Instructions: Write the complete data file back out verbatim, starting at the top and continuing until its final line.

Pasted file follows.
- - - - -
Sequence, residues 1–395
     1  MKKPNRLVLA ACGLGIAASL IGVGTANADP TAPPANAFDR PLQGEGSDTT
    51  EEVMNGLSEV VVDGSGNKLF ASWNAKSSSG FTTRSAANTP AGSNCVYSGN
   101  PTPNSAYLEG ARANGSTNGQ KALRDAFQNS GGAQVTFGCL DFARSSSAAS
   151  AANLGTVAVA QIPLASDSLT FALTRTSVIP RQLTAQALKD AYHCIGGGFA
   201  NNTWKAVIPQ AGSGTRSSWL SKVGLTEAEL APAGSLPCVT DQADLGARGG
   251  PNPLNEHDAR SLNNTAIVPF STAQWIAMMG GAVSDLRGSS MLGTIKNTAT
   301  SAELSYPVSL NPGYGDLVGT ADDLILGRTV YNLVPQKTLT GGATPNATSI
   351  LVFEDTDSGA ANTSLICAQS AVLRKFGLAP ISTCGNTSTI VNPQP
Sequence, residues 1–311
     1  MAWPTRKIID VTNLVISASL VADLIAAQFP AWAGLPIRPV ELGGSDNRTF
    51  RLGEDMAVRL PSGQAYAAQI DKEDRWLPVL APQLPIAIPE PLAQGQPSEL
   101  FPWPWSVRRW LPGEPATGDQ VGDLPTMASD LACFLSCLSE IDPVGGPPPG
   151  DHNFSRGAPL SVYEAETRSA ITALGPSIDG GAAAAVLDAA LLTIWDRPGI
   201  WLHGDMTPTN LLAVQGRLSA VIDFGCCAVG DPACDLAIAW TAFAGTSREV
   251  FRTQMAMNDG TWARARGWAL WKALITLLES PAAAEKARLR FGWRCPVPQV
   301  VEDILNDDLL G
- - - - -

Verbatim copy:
Sequence, residues 1–395
     1  MKKPNRLVLA ACGLGIAASL IGVGTANADP TAPPANAFDR PLQGEGSDTT
    51  EEVMNGLSEV VVDGSGNKLF ASWNAKSSSG FTTRSAANTP AGSNCVYSGN
   101  PTPNSAYLEG ARANGSTNGQ KALRDAFQNS GGAQVTFGCL DFARSSSAAS
   151  AANLGTVAVA QIPLASDSLT FALTRTSVIP RQLTAQALKD AYHCIGGGFA
   201  NNTWKAVIPQ AGSGTRSSWL SKVGLTEAEL APAGSLPCVT DQADLGARGG
   251  PNPLNEHDAR SLNNTAIVPF STAQWIAMMG GAVSDLRGSS MLGTIKNTAT
   301  SAELSYPVSL NPGYGDLVGT ADDLILGRTV YNLVPQKTLT GGATPNATSI
   351  LVFEDTDSGA ANTSLICAQS AVLRKFGLAP ISTCGNTSTI VNPQP
Sequence, residues 1–311
     1  MAWPTRKIID VTNLVISASL VADLIAAQFP AWAGLPIRPV ELGGSDNRTF
    51  RLGEDMAVRL PSGQAYAAQI DKEDRWLPVL APQLPIAIPE PLAQGQPSEL
   101  FPWPWSVRRW LPGEPATGDQ VGDLPTMASD LACFLSCLSE IDPVGGPPPG
   151  DHNFSRGAPL SVYEAETRSA ITALGPSIDG GAAAAVLDAA LLTIWDRPGI
   201  WLHGDMTPTN LLAVQGRLSA VIDFGCCAVG DPACDLAIAW TAFAGTSREV
   251  FRTQMAMNDG TWARARGWAL WKALITLLES PAAAEKARLR FGWRCPVPQV
   301  VEDILNDDLL G